'InheritanceAndPolymorphism.ClassA.YYY()'
We cannot call the method YYY() from the base class ClassA as it does not carry any implementation/code along with it and has also been declared abstract. Common sense prevails? and C# off course does not allow us to call a method that does not contain code.

15. Abstract Class Acting as Derived as Well as Base Class

Let’s modify our code a bit, and prepare our class structure something as follows:
    /// <summary>
    /// Base class ClassA
    /// </summary>
    public class ClassA
    {
        public virtual void XXX()
        {
            Console.WriteLine("ClassA XXX");
        }
    }

/// <summary>
/// Derived abstract class.
/// Class derived from base class ClassA.
/// </summary>
public abstract class ClassB:ClassA
{
public new abstract void XXX();
}

public class ClassC:ClassB
{
public override void XXX()
{
System.Console.WriteLine(ClassC XXX”);
}
}

/// <summary>
/// Program: used to execute the method.
/// Contains Main method.
/// </summary>
public class Program
{
private static void Main(string[] args)
{
ClassA classA = new ClassC();
ClassB classB = new ClassC();
classA.XXX(); classB.XXX();
}
}

Compile the code, and run.

Output

ClassA XXX
ClassC XXX
We created a base class named ClassA that is not abstract and added a virtual method XXX to it. Since the method is non abstract but marked virtual so it has to be overridden in its deriving class. We added one more class named ClassB and marked that class abstract, note that this class is derived from ClassA. So this class has a choice to override the method marked as virtual in base class. But we’ll do something different and tricky,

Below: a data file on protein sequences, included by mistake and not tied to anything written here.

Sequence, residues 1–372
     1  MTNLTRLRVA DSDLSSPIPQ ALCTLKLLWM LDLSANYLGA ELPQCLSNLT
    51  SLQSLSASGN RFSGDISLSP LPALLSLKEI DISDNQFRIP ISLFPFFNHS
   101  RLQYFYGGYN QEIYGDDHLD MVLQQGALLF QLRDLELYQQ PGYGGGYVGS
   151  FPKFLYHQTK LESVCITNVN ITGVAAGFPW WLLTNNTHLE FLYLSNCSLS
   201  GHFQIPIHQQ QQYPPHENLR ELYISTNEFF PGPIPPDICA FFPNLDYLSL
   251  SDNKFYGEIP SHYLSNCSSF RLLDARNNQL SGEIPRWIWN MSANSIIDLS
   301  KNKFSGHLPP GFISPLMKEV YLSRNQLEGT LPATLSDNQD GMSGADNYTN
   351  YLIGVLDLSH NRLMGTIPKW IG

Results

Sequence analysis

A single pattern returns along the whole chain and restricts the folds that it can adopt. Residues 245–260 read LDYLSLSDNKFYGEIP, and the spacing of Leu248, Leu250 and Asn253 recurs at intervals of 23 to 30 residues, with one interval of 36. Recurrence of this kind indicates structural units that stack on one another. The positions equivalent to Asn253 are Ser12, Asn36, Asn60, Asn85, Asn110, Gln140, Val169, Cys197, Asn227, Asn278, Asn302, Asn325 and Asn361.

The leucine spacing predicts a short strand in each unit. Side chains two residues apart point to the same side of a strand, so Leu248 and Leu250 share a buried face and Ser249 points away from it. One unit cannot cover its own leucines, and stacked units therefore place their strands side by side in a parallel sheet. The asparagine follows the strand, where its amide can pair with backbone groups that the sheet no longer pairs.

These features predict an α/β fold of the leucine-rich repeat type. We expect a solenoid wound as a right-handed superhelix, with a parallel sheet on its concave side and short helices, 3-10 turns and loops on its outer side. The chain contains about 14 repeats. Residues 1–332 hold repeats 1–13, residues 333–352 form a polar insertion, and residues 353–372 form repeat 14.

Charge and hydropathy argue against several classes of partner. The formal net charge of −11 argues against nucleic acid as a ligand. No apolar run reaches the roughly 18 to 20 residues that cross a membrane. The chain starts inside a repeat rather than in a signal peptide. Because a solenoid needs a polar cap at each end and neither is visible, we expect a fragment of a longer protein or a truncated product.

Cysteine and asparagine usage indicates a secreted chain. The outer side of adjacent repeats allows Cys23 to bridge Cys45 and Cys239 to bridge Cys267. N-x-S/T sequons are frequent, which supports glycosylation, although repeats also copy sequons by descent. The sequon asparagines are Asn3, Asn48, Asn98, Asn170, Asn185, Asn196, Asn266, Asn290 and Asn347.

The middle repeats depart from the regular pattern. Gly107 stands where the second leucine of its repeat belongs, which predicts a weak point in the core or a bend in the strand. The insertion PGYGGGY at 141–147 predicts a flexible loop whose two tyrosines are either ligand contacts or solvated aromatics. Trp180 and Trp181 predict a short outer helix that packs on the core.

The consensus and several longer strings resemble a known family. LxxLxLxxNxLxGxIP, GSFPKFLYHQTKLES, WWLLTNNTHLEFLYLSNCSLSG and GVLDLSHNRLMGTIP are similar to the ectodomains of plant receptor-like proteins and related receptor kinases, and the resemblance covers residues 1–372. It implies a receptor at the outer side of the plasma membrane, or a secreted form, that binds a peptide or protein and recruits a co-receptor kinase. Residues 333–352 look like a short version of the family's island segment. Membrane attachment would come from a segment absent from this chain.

We marked XXX method in this derived class as new abstract, and did not give anybody to this method. Now what? We will add one more class ClassC, that will derive from ClassBClassC has no choice but to override the methodXXX. Therefore we override the method XXX in ClassC.
In main method, we created two objects ClassA classA = new ClassC(); and ClassB classB = new ClassC();
First object looks like that of ClassC but refers to ClassA and second one again seems to be like ClassC but refers to ClassB.
In case of classA.XXX() will definitely first look into the class ClassA. Here, it finds the method XXX marked as virtual. These kind of scenarios we have already taken n number of times in our earlier articles where we discussed about run time polymorphism . C# will then crawl over to class ClassB. Here it gets shocked that the method XXX()is abstract, i.e., there is no code or implementation for method XXX() and also that it is a method marked as new, thus severing all links with the base class. And so flow halts and all and the method XXX() from ClassA gets executed.